This preview shows pages 1–2. Sign up to view the full content.
This preview has intentionally blurred sections. Sign up to view the full version.View Full Document
Unformatted text preview: 1-1CHAPTER 1: INTRODUCTIONEND-OF-CHAPTER QUESTIONS AND PROBLEMS1.Real assets consist of the tangible assets of the economy; however, for our purposes we also define them toinclude such intangible assets as management talent, ideas, brand names, etc. They are distinguished fromfinancial assets, which are securities. These securities represent claims on business firms, which own the realassets, or on governments.2.The price system works to ensure that the quantity demanded equals the quantity supplied. If supply remainsconstant and demand increases, the price must rise in order to meet the demand. If demand remains constantand supply increases, the price must fall to clear the market. We observe this every day in the market for realassets. There is every reason to expect that it would also hold in financial and derivative markets. All that isrequired is that there be buyers and sellers acting in their own best interests. By allocating resources to theirhighest valued uses, the price system is the most effective method of assuring that society's needs are met.3.Integrated markets are those in which individuals and institutions in different markets trade with each otherwith ease and low cost. Information across markets is fairly easily accessible and investors are almost aswilling to trade across borders as they are domestically. As more and more businesses have expanded theirmarkets to include foreign countries, product and financial market transactions have increasingly helped bringthe world together. The breakdown of communism has also no doubt contributed to international marketintegration. Most importantly, however, improvements in computers and communications have made itpossible for investors on one continent to easily trade with those on another.4.While there is technically no difference in terms of where the markets are located, the term "primary market"usually refers to the case where securities are offered to the public for the first time. Later as those securitiesare traded among investors, a secondary market is created. Another important distinction is that in a primarymarket transaction, the issuer of the security is involved in the trade, while in a secondary market transaction,the issuer is not involved....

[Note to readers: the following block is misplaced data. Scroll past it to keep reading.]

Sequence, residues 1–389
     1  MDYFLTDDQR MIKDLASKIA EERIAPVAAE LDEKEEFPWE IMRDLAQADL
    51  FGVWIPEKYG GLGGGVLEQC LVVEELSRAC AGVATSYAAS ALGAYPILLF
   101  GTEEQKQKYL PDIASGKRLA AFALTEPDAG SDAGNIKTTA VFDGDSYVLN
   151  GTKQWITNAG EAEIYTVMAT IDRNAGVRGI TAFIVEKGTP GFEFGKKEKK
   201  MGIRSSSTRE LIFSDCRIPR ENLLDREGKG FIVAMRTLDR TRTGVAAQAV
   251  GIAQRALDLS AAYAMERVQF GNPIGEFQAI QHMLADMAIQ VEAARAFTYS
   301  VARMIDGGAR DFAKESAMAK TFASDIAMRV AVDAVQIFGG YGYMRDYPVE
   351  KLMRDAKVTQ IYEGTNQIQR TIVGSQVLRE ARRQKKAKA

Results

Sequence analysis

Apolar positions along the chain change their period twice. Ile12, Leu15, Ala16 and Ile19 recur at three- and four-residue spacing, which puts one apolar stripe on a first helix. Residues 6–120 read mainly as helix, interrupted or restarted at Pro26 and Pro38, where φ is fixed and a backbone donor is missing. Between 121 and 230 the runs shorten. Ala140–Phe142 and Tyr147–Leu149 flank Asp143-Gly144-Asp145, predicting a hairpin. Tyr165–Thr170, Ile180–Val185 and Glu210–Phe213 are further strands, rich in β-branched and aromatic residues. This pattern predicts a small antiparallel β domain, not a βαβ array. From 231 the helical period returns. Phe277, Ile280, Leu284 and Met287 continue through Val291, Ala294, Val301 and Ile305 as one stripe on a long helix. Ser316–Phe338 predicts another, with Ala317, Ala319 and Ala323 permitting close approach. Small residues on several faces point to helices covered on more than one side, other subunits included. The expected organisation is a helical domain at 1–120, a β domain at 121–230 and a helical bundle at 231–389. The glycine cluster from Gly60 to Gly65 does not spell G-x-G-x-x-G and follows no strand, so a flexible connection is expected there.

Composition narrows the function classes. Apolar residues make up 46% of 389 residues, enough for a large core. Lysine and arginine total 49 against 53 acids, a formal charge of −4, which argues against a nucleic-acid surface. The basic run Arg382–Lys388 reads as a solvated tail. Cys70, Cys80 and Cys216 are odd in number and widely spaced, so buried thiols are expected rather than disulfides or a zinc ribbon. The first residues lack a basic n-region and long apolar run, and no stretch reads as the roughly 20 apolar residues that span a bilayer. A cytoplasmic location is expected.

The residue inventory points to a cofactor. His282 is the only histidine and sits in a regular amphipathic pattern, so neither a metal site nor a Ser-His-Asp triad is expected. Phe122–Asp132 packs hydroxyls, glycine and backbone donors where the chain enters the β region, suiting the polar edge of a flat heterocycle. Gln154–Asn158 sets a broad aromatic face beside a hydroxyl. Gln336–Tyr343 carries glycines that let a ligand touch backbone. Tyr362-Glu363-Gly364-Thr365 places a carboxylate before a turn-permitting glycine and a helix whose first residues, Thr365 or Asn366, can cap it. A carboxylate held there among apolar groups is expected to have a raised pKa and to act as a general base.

View Full Document
This note was uploaded on 03/09/2011 for the course FINA 4210 taught by Professor Staff during the Fall '08 term at North Texas.
- Fall '08